After staying for in Europe for a few months, my baby son and I flew to Asia to meet my husband, who were there for research. The travel agent who booked my flights for me mentioned that other women who married European men felt it necessary to have the children’s birth certificates with them when travelling, so I also did that. When you are travelling with a son who does not look like you, you could be mistaken for having kidnapped him. The fact that we do not have the same surnames on my Indonesian passport and on his European passport could also make matters worse.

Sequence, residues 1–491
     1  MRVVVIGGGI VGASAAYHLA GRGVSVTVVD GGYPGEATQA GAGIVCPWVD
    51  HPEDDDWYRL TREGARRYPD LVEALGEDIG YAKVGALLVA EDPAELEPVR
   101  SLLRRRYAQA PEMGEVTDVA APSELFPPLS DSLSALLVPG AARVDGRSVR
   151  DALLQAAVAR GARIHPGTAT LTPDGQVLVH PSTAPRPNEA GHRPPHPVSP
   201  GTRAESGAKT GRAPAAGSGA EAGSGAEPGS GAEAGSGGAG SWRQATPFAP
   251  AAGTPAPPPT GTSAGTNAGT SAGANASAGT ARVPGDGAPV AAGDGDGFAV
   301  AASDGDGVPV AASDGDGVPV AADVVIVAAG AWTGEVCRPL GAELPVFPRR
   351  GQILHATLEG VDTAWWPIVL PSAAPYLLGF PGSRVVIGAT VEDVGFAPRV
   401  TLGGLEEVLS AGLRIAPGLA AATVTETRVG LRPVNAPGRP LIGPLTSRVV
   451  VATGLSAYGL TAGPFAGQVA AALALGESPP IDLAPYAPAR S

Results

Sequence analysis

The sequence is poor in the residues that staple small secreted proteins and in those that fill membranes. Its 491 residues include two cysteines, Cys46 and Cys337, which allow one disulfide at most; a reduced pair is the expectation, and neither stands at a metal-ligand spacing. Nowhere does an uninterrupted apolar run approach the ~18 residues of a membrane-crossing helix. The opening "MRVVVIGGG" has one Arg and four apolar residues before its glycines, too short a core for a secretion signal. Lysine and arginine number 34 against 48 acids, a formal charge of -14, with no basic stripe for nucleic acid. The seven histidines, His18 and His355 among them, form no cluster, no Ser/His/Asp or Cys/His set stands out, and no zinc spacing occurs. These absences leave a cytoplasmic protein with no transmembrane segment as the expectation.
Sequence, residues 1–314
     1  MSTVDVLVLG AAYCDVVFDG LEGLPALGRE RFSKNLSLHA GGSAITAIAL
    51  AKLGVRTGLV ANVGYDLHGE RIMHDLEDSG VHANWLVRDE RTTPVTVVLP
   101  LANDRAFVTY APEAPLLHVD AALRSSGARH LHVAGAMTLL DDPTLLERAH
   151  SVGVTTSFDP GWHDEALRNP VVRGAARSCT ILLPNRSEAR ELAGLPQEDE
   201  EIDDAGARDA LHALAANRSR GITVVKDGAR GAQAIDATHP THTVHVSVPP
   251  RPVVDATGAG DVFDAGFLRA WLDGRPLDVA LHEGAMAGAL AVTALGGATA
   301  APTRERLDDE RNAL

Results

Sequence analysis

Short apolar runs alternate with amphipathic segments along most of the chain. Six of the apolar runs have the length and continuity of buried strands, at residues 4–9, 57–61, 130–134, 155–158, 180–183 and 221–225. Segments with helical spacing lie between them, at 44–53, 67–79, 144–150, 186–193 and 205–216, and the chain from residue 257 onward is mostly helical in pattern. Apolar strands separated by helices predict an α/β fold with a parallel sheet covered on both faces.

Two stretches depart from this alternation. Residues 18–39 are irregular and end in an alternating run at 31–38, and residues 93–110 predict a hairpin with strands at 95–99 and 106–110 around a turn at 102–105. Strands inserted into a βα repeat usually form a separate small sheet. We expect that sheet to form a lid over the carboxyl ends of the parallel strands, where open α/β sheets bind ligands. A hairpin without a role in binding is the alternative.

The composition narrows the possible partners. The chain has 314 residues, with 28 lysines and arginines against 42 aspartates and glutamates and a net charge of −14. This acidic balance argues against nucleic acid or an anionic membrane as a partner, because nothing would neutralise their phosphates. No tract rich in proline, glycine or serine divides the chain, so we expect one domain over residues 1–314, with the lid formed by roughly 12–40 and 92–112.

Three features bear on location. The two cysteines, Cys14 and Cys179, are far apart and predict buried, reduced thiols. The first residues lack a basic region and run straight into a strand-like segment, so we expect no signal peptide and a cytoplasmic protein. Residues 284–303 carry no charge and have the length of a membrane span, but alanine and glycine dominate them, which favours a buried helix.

Before we moved to Taiwan, we had to undertake a health examination. My European husband and son were exempted, but I had to take a stool examination. I know it is to protect the people in Taiwan, local or foreign, for their health. And I would also hope to be protected by such requirements. Nevertheless, it still felt humiliating. We lived together as a family and they ate the food I cooked, so why would they be exempted but I had to be checked? Mistaken by local people for a migrant worker, I met Indonesian migrant workers in Taiwan, who thought I was also a migrant worker. But when they realised that I am a professional worker, they thought I did not belong to their group.